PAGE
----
National research to address common grain issues

Provinces collaborate to leverage research dollars and expertise for greater impact

Approximately $14 million has been allocated by the federal government and industry partners to a cross-province grain research cluster, with the intention of developing more productive — and more resilient — grain varieties for Canadian farmers.

Industry representatives say the investment, as well as funding commitments from organizations within the grains sector, are important for maintaining the competitiveness of Canadian grains and ensuring farmers have access to diverse crop options.

Why it matters: The latest federal investments are designed to address resiliency and productivity issues common across the country, and get new corn, soybean, and oat varieties to farmers.

Related Articles

Funding breakdown

Grain Farmers of Ontario (GFO) is one of many provincial organizations involved with the Canadian Field Crop Research Alliance (CFCRA) — a national organization pursuing opportunities to improve Canadian field crop genetics. As a whole, the group accessed federal funding under the Canadian Agriculture Partnership’s AgriScience Program.

Two Agriculture and Agri-Food Canada announcements in recent weeks have confirmed a five-year federal investment in corn, soybean and oat research totaling $9.5 million; an additional $4.9 million is coming from industry, with GFO contributing approximately $2 million of that amount.

According to Josh Cowan, research and innovation manager for GFO and current vice-president for CFCRA, this is an increase in grain research funding from the $10.2 million combined public-industry investment seen under Growing Forward 2. This increase, he says, corresponds with an expansion in the overall research scope and geographic coverage.

The benefits to farmers, says a recent GFO press release, will be multifold. GFO will lead in three project areas:

  • Corn: Developing germplasm with resistance to diseases, advanced nitrogen management strategies for farmers that will enhance productivity and environmental performance, and early-maturing cold-tolerant corn genetics.
  • Oats: Developing higher-yielding disease-resistant varieties for eastern Canada, improved nutritional performance, nitrogen management and seeding rate recommendations, and implementing new support tools in oat breeding programs.
  • Soybeans: Developing improved identity-preserved and food-grade varieties with improved disease-resistance, improved yield, and greater cold tolerance.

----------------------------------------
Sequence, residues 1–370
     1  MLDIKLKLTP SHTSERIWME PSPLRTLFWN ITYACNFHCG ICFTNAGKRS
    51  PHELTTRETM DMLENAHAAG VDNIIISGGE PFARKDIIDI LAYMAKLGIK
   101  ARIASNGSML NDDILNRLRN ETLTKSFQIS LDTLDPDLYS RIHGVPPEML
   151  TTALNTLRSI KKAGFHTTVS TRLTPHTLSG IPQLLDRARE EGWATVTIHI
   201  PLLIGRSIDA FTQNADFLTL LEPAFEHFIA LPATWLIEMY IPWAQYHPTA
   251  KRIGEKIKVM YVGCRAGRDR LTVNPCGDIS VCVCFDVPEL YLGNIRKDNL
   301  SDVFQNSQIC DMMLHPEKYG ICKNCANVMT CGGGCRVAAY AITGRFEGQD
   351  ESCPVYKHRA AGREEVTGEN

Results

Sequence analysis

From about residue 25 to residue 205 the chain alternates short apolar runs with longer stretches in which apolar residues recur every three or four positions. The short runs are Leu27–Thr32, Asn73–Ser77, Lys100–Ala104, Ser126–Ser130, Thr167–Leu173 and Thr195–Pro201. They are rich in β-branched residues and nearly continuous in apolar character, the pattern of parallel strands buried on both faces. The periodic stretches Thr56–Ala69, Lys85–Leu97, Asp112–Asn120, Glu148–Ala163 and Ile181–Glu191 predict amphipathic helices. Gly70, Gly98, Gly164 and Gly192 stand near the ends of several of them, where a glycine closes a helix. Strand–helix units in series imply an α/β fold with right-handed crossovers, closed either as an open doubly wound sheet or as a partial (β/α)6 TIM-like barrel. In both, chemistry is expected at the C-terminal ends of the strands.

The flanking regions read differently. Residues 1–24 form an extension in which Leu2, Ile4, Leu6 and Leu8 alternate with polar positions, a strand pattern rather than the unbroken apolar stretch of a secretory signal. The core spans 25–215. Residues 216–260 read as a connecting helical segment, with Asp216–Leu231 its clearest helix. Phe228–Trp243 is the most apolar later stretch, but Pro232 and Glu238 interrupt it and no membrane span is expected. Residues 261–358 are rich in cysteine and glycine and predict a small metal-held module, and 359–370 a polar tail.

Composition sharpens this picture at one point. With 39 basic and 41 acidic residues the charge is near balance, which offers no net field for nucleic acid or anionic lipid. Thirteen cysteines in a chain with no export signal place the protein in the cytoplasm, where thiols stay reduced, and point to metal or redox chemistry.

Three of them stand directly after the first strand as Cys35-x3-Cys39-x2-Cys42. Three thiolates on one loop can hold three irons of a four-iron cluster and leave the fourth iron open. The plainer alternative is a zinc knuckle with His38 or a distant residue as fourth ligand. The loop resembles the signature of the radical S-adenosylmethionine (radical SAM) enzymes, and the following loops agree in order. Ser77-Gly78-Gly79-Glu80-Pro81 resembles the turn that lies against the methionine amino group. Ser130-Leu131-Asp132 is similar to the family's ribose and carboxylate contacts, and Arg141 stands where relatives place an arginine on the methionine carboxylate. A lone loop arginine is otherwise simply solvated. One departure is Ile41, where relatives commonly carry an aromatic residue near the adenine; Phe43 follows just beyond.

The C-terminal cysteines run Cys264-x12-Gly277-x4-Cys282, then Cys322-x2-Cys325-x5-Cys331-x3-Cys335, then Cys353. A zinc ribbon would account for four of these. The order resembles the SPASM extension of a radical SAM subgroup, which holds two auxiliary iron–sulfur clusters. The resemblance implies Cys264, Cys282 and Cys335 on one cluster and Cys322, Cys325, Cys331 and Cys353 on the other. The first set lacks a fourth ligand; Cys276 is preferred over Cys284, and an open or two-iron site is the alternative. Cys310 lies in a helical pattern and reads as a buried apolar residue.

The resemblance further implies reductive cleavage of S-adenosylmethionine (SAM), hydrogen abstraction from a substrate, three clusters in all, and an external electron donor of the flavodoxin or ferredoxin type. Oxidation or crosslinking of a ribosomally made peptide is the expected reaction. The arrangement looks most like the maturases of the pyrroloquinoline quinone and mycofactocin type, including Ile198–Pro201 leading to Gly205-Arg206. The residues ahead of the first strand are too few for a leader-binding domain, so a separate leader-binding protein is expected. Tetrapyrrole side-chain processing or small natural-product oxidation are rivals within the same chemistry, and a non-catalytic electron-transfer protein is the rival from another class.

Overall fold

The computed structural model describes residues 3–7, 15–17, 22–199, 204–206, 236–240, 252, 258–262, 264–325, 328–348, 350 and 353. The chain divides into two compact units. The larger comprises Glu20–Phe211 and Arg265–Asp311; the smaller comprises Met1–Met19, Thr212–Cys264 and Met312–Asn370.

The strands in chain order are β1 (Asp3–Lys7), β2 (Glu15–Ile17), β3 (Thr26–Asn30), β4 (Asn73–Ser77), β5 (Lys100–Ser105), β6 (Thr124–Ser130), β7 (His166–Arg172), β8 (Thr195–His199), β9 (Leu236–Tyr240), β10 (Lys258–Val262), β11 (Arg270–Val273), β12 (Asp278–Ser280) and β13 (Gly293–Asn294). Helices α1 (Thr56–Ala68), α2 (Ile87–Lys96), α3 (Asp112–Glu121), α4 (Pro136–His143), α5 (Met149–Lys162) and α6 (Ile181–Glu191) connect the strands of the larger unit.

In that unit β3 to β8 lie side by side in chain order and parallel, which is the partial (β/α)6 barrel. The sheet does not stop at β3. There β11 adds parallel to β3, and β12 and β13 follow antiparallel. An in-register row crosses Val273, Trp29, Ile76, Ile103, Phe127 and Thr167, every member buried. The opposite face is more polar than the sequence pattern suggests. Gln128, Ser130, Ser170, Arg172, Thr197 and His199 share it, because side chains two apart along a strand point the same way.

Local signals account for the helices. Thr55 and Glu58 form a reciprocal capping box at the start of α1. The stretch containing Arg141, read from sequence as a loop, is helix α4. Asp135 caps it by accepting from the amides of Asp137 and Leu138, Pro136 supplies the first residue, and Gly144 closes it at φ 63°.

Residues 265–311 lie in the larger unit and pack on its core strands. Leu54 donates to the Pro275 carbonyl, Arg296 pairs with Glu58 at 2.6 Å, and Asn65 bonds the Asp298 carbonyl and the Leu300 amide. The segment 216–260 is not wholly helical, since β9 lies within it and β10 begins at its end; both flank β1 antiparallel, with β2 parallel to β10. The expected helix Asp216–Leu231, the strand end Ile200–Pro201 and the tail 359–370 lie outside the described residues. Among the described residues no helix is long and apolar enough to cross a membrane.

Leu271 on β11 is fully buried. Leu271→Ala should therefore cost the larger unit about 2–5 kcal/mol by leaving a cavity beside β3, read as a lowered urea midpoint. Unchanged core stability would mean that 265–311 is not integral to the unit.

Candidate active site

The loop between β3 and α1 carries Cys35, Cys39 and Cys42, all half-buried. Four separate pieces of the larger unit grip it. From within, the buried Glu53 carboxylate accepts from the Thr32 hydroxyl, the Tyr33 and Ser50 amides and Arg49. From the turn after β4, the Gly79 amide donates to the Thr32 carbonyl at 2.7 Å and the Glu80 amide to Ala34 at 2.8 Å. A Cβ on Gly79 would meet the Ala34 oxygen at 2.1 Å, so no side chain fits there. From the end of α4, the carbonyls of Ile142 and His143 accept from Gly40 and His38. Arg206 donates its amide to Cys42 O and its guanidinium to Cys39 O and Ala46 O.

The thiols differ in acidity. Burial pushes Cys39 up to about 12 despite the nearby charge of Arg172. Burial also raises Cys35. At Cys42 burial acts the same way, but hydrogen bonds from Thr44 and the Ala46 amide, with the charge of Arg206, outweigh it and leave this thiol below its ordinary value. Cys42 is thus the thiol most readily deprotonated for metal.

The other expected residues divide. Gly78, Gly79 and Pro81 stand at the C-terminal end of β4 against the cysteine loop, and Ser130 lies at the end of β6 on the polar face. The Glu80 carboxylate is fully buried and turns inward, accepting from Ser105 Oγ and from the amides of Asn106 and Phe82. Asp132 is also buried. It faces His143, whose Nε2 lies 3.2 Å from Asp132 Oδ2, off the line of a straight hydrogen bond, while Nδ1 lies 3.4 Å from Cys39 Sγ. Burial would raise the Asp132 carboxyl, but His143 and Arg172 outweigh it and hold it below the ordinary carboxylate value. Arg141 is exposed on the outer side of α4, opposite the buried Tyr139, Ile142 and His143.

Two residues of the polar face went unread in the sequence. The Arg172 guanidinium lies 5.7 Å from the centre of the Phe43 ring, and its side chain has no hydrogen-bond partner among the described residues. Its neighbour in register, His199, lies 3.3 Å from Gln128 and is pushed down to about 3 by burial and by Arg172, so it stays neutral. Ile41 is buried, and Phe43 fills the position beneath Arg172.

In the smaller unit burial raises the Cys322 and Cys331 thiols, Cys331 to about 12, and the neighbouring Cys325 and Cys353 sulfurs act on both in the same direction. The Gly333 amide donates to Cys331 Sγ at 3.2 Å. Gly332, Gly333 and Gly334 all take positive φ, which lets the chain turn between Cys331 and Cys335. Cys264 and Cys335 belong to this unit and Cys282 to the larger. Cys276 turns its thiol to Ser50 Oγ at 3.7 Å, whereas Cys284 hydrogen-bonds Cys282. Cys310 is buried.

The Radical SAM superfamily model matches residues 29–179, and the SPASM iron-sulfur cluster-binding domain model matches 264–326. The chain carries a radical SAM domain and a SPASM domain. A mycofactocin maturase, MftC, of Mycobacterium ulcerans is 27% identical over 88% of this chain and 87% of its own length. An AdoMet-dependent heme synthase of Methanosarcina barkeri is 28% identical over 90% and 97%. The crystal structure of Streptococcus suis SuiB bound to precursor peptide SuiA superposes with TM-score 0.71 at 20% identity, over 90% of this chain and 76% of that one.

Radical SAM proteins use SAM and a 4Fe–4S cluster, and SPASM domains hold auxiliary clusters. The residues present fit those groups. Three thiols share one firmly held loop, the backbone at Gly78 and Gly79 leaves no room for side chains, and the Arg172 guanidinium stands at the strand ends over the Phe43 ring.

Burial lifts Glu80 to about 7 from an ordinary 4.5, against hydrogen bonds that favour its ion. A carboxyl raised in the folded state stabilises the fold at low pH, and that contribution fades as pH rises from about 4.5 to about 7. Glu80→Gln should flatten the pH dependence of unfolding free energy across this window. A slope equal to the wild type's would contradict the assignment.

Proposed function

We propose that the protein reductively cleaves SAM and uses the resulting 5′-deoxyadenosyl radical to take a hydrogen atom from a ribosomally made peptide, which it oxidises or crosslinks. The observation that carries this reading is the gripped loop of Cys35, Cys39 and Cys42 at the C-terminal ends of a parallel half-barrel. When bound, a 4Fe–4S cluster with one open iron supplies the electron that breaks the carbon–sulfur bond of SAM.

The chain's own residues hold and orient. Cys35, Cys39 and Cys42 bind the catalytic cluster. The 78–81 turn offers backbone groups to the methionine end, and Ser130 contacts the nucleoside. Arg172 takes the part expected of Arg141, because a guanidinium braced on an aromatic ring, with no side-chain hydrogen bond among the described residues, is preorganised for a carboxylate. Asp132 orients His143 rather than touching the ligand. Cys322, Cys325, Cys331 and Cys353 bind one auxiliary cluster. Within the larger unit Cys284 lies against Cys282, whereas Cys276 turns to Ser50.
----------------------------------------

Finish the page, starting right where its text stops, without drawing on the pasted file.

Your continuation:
Wheat and barley research clusters have also received funding and are being led by other CFCRA members elsewhere in the country.

Ontario priorities

Cowan says GFO is particularly interested in the wider development of food grade soybeans. Improving nitrogen management — and specifically nitrogen use efficiency in corn as part of a general focus on 4R nutrient management — is another.

Achieving these and other goals, he adds, is getting easier as researchers across Canada can better leverage expertise, resources, and research dollars. This also helps speed-up the rate of development overall.

“These collaborative initiatives started in 2010. We’re in the third round,” says Cowan. “We’re becoming more and more linked as the years go on across Canada.”

Common priorities between provinces

Salah Zoghlami, president of CFCRA and agronomic affairs advisor for Producteurs de grains du Quebec — the organization representing Quebec’s grain growers — says developing more fusarium-resistant grains is a priority for his province’s producers; high-yielding short season soybean varieties is another.

“What is interesting is the cluster and growers are focusing on some research areas that have less support and are less attractive for private companies,” says Zoghlami.

Like Cowan, he says pursuing better genetics as a national rather than provincial community helps reduce research overlap while maximizing results. When asked how CFCRA selects research priorities given the diversity of provincial needs, Zoghlami says achieving consensus can be tricky. However, there are still many common denominators that everyone can agree on.

He adds research does not occur in a vacuum; the knowledge gained from advances in one crop type can be subsequently applied to other areas of research.

About the author

Contributor

Matt is a freelance writer based between Essex County and Chatham-Kent. He is interested in all things scientific, as well as rock n' roll, hunting and history. He also works with his parents on their sixth-generation family farm.

Comments

explore

Stories from our other publications